By Dr. Mercola
It’s estimated that 50 million Americans do not have access to enough food,1 yet 40 percent of food in the US goes uneaten. That’s the equivalent of 20 pounds of food per person each month.2
Every year, food worth the equivalent of $165 billion is wasted, much of which ends up in landfills and rots… adding to methane emissions. If food losses were reduced by even 15 percent, it could feed another 25 million Americans,3 slashing hunger rates by half.
On a global scale, as you might suspect, the numbers are even more striking… and the implications stretch far beyond hunger. An estimated 1.3 billion foods worth close to $1 trillion retail is wasted. As National Geographic put it:4
“Aside from the social, economic, and moral implications of that waste—in a world where an estimated 805 million people go to bed hungry each night—the environmental cost of producing all that food, for nothing, is staggering.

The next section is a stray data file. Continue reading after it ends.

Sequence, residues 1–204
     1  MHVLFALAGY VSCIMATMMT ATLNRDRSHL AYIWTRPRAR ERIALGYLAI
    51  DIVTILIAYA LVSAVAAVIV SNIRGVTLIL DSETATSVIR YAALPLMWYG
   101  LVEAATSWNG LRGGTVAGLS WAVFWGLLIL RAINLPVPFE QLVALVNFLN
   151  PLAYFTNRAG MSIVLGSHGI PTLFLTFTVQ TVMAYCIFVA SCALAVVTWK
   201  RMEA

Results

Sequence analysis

…The water wastage alone would be the equivalent of the entire annual flow of the Volga—Europe’s largest river—according to a UN report.
The energy that goes into the production, harvesting, transporting, and packaging of that wasted food, meanwhile, generates more than 3.3 billion metric tons of carbon dioxide.
If food waste were a country, it would be the world’s third largest emitter of greenhouse gases, behind the U.S. and China.”
Food Waste Occurs at Every Levels of the Food Supply Chain
There is potential for food loss and waste at virtually every step of the food system. From vegetables left in farm fields to rot because they are discolored to produce lost due to spills or spoilage during processing and distribution, the amount of food lost or wasted could easily feed the world’s hungry.
About two-thirds of waste occurs